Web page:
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As a new strain of coronavirus (COVID-19) swept through the world in 2020, preparedness plans, masking policies and more public policy changed just as quickly. WVXU has covered the pandemic's impact on the Tri-State from the very beginning, when on March 3, 2020, Ohio Gov. Mike DeWine barred spectators from attending the Arnold Sports Festival in Columbus over concerns about the virus, even though Ohio had yet to confirm a single case of COVID-19.

Help For Small Businesses During COVID-19 Crisis

Bill Rinehart

Hamilton County officials are urging small businesses affected by the COVID-19 crisis to complete a Disaster Loan Declaration form.

The Hamilton County Development Co. (HCDC) said the form is not a loan application. Instead it allows the state of Ohio to gather "small business impact data to expedite a disaster declaration."

Many small businesses like bars and restaurants have been ordered to close their doors. Other firms have been forced to make drastic changes to how they ordinarily do business and that's costing them revenues.

Right now, Ohio has not been declared "an eligible disaster area." That means small businesses are not eligible for Economic Injury Disaster Loans through the Small Business Administration (SBA). The state is trying to compile data to suggest there needs to be such a declaration.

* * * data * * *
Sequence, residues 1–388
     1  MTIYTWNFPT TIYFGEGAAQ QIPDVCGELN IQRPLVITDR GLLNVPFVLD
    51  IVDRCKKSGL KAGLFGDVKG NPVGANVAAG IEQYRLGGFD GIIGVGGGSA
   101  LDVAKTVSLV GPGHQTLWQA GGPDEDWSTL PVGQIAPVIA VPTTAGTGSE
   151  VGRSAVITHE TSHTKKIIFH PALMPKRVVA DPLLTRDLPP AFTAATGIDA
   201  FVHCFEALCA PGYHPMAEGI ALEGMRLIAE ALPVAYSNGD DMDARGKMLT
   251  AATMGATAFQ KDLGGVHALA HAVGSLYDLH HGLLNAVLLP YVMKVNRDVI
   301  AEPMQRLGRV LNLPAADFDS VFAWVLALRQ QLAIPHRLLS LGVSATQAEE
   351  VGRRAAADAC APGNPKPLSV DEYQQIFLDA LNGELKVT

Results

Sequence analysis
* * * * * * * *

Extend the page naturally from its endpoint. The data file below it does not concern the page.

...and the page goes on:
Ohio Gov. Mike DeWine and Lt. Gov. Jon Husted sent a letter and application to the SBA Tuesday to qualify the state for the program.

"Small businesses are the backbone of our economy and we are seeking assistance from the business community to help the State of Ohio attain a disaster area declaration from the SBA so that Ohio businesses can become eligible for the Economic Injury Disaster Loan Program," said HCDC President and CEO Patrick Longo. "We want to make sure our businesses have access to as many business assistance tools as possible during this difficult time."

If such a declaration is made, the SBA Direct Loan Program can provide up to $2 million per small business to assist with economic recovery.

"Each day we are seeing the impact of COVID-19 on our local economy," said Hamilton County Commission President Denise Driehaus. "The quicker we can open up resources for our Ohio businesses, the better. Small businesses need some certainty in this uncertain time."

Jay Hanselman brings more than 10 years experience as a news anchor and reporter to 91.7 WVXU. He came to WVXU from WNKU, where he hosted the local broadcast of All Things Considered. Hanselman has been recognized for his reporting by the Kentucky AP Broadcasters Association, the Ohio Society of Professional Journalists, and the Ohio AP Broadcasters.